BY WENDI REARDON
Clarkston News Sports Writer
MacGregor Schaffer suited up every Clarkston Hockey game in his pads and uniform ready to go.
“I didn’t play a lot,” said Schaffer, a senior at Clarkston High School. “I didn’t get a lot of chances scoring wise. I was happy just to play and happy to say I played varsity.”
It was a goal for him especially since he didn’t know if he would play on the varsity team. Schaffer was diagnosed with neurofibromatosis, a genetic disorder of the nervous system when he was an infant.
“I was really happy even if he didn’t play,” said his mom, Wendy. “I loved every time I saw him sitting on the bench either he was going to play or wasn’t. When he did play it was a thrill for my husband and I. We questioned if it would ever happen.”
Another thrill to the season was receiving the Michigan High School Hockey Coaches Association Perseverance Award.
“I was very happy he won the award,” smiled Ralph Humphlett, head coach, who nominated him for the award. “He is very deserving. He never asked for anything. It was awesome. It was one of the best things that happened during a very hard season. He received a standing ovation.”
MacGregor learned about the news from Wendy and his dad, Bob.
“It was a huge honor,” MacGregor said. “I didn’t even know it was a thing. I feel honored representing my team and my school.”
“It was so exciting,” Wendy added. “We were thrilled for him. It has been a really great year for him so far. Just getting on the hockey team was a big deal and something he always wanted to do. He worked hard. It recognized he had some issues he was dealing with, but he still showed up and did his best. That doesn’t always happen in life – you might work hard and might not get recognized.”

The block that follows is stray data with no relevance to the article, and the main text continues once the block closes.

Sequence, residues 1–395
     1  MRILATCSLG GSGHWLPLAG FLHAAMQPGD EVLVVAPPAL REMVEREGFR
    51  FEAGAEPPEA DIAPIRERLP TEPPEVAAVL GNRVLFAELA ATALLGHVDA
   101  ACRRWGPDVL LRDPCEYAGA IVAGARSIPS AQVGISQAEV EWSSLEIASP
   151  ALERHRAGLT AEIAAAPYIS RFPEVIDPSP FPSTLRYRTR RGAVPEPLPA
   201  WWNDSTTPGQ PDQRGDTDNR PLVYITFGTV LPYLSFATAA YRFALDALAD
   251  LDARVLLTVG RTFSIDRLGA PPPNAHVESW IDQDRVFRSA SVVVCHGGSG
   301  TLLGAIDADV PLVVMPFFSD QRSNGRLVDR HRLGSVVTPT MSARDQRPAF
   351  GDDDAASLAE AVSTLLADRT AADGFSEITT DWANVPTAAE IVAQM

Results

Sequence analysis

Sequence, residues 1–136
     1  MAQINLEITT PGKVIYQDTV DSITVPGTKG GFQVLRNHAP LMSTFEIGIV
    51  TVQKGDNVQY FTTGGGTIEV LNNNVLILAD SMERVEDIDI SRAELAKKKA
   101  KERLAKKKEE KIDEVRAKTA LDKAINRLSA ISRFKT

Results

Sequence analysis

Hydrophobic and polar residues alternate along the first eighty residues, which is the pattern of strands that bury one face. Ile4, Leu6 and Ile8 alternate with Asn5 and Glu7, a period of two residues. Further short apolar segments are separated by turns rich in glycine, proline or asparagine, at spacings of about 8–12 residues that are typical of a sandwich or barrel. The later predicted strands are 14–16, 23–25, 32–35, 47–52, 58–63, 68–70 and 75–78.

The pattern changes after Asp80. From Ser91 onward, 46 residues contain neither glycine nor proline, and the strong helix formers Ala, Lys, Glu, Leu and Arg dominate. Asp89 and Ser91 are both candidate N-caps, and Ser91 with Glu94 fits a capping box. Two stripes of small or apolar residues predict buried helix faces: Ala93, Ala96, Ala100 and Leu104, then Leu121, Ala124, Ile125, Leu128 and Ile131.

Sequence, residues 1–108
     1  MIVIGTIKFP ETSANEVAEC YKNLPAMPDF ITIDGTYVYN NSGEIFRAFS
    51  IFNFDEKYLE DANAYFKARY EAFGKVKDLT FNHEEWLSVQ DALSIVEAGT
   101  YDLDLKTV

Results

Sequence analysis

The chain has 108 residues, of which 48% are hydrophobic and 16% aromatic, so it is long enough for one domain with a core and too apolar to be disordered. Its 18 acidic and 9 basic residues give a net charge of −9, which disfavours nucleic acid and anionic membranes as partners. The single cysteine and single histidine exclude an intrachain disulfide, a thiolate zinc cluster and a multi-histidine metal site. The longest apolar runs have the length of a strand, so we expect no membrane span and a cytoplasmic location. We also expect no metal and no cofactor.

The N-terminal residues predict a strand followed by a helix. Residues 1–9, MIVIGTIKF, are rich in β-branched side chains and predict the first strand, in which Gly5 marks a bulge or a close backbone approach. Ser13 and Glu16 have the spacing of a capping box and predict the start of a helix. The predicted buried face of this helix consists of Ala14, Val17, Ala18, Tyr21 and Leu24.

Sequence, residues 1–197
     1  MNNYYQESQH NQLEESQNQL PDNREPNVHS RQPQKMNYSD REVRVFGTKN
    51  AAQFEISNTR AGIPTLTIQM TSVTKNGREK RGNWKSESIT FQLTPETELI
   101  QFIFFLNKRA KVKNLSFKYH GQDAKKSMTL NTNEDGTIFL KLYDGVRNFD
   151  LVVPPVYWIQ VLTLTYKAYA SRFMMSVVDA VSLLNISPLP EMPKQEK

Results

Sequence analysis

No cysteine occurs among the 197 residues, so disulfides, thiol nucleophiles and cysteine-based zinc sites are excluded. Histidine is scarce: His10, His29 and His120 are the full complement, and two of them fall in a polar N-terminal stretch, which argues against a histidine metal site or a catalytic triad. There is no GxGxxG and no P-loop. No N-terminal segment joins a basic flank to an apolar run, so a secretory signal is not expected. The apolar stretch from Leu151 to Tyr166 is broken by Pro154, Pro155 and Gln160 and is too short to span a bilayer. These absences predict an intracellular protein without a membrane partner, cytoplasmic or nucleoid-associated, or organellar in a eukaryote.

She explained it was a tough year because MRIs revealed he had two tumors.
“It hasn’t affected me,” MacGregor said. “But it is something to look for in the future.”
One of the tumors is from neurofibromatosis, which his parents discovered when he was three-months-old.
“He had little tan spots on his body and we didn’t think anything of it,” Wendy said, explaining they thought it was baby skin – it was sensitive and could change.
The doctor asked how many spots and Wendy said about 12. The doctor replied a certain number could be something.
“We went to different specialists who confirmed,” she said, adding over the years they have learned and taken in as much information. “The more you learn about anything going on with your body, the better. He has been a mild case so far.”
MacGregor said it hasn’t affected him besides having help with school up to sixth grade.
“I haven’t had any problems,” he said. “Fifty percent of kids with neurofibromatosis have learning disabilities or need school help.”
“He has been lucky,” Wendy said. “Most people who have this condition have some learning disabilities. More of anything it is maturity and an awareness that makes him a little bit different which can also be being a teenage boy.
“He is a really sweet, innocent soul,” she added. “He lives for the day. He lives for the moment. He is excited about simple things like food, what he is eating for dinner and watching the Red Wings. He enjoys everyday.”
For sports it didn’t slow him down as MacGregor began playing hockey when he was 5-years-old.
“Hockey is a big part of our lives,” Wendy smiled.
His older brother, Cole, and his dad both played and the family are huge Detroit Red Wings fans.
“It was an expectation Mac had for himself early on that’s what you do – you play hockey and you play hockey in high school,” Wendy added. “He has always said he wants to do everything like everyone else does. It was nice to see that he did.”
“I tried everything,” MacGregor said. “Hockey was the only thing I loved as much as anything else in the world.”
MacGregor is attending Oakland University after graduation and plans to study film production. He was originally planning on becoming a director or a film editor but said he is shifting towards acting.
“I have done a lot of videos, movies and TV shows through high school,” he added. “It’s kind of what I have decided for now, but I would like to do anything in films. Most recent we did two episodes of a TV show an intern wrote. I ended up being the lead role that was a fun experience.”
His advice for aspiring athletes is to work hard.
“As hard as you can in practice,” he added. “It goes by way too fast. Enjoy it while it lasts.”
BY WENDI REARDON